Written by Matt Scott
My college career has been a period of many firsts. I experienced my first bowl game, my first professional conference, my first trip to Cookout, and, unfortunately, my first all-nighter in the Baker Center. More importantly, however, UT is the place where I first made service a focal point of my life. Though I volunteered and went on mission trips in high school, it wasn’t until my induction into the Chancellor’s Honors Program that I began to reflect critically on service.
As I sat through the induction ceremony daydreaming about my new college life, my ears perked up at one question: “Why are you here?”
This seemed to be a ridiculous question. Obviously, I was here to get a degree and get into medical school. Why else would I be here? I wish I could tell you I realized the importance of this question that evening, or even that year. Instead, I devoted myself to my studies at the expense of my commitment to service. I was only here to pursue my own successes, after all. Soon enough, summer break arrived and I was intent on continuing this pursuit. I began planning the next year of school and decided to become a peer mentor for other CHP students.
Mentoring seemed like a great low-commitment way to diversify my resume and meet new people in the process. That summer, I was assigned a list of incoming students to mentor. I introduced myself and explained that I would be a point of contact for them while they were at Tennessee. I went into the experience determined to teach my mentees a thing or two about college life. Instead, they taught me about myself. I realized with every question, late-night text, and coffee date that this was what I was passionate about. They thought they were an inconvenience; I knew they were my ticket to a bigger world, one where I embraced that I was best when serving others.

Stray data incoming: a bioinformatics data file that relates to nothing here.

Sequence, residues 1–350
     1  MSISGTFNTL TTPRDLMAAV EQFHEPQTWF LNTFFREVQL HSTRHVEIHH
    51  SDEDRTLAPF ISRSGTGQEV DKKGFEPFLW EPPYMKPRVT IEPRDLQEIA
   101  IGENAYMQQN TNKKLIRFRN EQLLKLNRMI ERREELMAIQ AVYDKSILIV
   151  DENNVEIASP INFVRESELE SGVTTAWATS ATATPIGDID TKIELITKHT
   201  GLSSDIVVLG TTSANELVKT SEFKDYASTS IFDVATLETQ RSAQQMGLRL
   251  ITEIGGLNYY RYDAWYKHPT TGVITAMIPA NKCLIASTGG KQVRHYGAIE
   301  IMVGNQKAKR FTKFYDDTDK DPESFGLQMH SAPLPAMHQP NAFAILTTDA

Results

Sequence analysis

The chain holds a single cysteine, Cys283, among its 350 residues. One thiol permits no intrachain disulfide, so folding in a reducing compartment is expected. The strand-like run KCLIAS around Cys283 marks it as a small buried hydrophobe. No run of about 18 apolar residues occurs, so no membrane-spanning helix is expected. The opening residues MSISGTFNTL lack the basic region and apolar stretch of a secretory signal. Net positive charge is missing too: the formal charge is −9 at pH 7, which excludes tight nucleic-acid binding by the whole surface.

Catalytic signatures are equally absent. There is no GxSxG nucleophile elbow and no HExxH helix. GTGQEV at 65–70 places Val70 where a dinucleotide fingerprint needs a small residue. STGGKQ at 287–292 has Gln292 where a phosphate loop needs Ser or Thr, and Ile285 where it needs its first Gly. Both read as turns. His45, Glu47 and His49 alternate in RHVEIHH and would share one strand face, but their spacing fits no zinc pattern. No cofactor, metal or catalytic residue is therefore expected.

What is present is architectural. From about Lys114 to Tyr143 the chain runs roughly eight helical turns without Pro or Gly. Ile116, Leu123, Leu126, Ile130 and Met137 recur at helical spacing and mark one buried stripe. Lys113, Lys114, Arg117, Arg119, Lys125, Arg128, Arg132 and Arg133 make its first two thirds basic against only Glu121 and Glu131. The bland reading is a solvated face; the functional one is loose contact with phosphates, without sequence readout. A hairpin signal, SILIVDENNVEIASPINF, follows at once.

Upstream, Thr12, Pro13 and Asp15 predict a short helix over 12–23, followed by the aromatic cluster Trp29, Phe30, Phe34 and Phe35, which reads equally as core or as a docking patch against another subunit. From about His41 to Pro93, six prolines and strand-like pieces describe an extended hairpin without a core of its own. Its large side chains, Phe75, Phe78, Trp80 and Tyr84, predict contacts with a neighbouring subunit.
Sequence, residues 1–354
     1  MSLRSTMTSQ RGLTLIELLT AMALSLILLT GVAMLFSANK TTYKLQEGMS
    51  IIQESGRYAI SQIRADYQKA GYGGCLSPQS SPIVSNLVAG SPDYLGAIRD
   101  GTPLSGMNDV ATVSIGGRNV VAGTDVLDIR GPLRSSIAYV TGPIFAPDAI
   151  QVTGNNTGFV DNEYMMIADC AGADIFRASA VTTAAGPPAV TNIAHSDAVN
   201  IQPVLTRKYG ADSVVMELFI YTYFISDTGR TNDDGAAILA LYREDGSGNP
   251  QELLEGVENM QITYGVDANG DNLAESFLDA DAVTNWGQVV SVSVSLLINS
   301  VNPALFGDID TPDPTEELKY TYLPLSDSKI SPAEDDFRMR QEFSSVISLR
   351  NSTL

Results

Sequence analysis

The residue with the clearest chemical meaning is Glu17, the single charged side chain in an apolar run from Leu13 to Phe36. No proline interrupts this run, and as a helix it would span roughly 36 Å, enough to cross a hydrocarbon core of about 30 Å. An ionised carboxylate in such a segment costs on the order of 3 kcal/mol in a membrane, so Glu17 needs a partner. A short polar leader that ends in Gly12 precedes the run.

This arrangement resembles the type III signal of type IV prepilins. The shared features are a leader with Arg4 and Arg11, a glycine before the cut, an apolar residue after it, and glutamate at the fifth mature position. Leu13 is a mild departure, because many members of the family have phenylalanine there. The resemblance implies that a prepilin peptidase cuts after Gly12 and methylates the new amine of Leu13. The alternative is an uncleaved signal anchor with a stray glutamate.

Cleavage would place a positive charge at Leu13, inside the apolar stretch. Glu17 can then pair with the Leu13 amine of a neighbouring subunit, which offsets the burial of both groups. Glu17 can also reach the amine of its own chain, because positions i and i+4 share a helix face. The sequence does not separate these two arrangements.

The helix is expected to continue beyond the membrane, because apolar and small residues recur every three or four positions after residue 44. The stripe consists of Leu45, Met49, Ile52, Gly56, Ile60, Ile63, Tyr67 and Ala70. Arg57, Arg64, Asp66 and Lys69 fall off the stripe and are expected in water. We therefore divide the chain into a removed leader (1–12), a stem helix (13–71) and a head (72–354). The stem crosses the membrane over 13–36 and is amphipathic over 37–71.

Over the next year and a half, I nurtured this realization. I helped lead a construction-based service trip into the heart of rural West Virginia with my church. There, we re-roofed the home of a family who had lost everything when their mother’s health took a turn for the worse. I began volunteering with the Honors Program and Alpha Epsilon Delta (UT’s largest pre-health society), doing everything from collecting cans of food to cleaning out yards. I even began a regular volunteer shift at Fort Sanders Medical Center, where I still make follow-up calls to discharged patients and go to patient rooms to check on their comfort.
However, I soon found myself again considering the question I had heard nearly two years before. Why was I here? I had made an impact on many people, but I had yet to go all in, to really break the barrier between student and servant.
While driving home from a fall break trip, I looked at my best friend and said that we should do something huge for our community in Knoxville.
With the help of an amazing team at Global Service Projects, we designed the Run and Walk for Mental Health Awareness, a 5K that would not only raise awareness about mental health but also raise funds for the Helen Ross McNabb Center, a local organization that provides behavioral and mental health services to the underinsured. The event was a massive success and, true to their mission to help me realize my purpose, the Chancellor’s Honors Program covered nearly one-third of our event budget.
As I begin my final year on Rocky Top I am president of Alpha Epsilon Delta, where I am refocusing the goals of our organization to emphasize service. As director of public relations for Global Service Projects, I am heading a fundraising campaign for the Helen Ross McNabb Center’s new domestic violence shelter and beginning to recruit sponsors for the Second Annual Run and Walk for Mental Health Awareness. Most recently, I have been selected to co-lead the Honors and Scholars Programs’ first Alternative Spring Break trip—check back in the spring newsletter for an update on that experience!
Over the last three years, I have gone from a self-serving student to a self-actualized servant who aims to make service a central tenet of my life.
Ultimately, I know that this would have never been possible without the support and encouragement of the Chancellor’s Honors Program. Looking back on my inattentive first-year self, I smile. I will always remember the one question that made it through my daydreaming and how it has changed my life—and hopefully the lives of many others—for the better.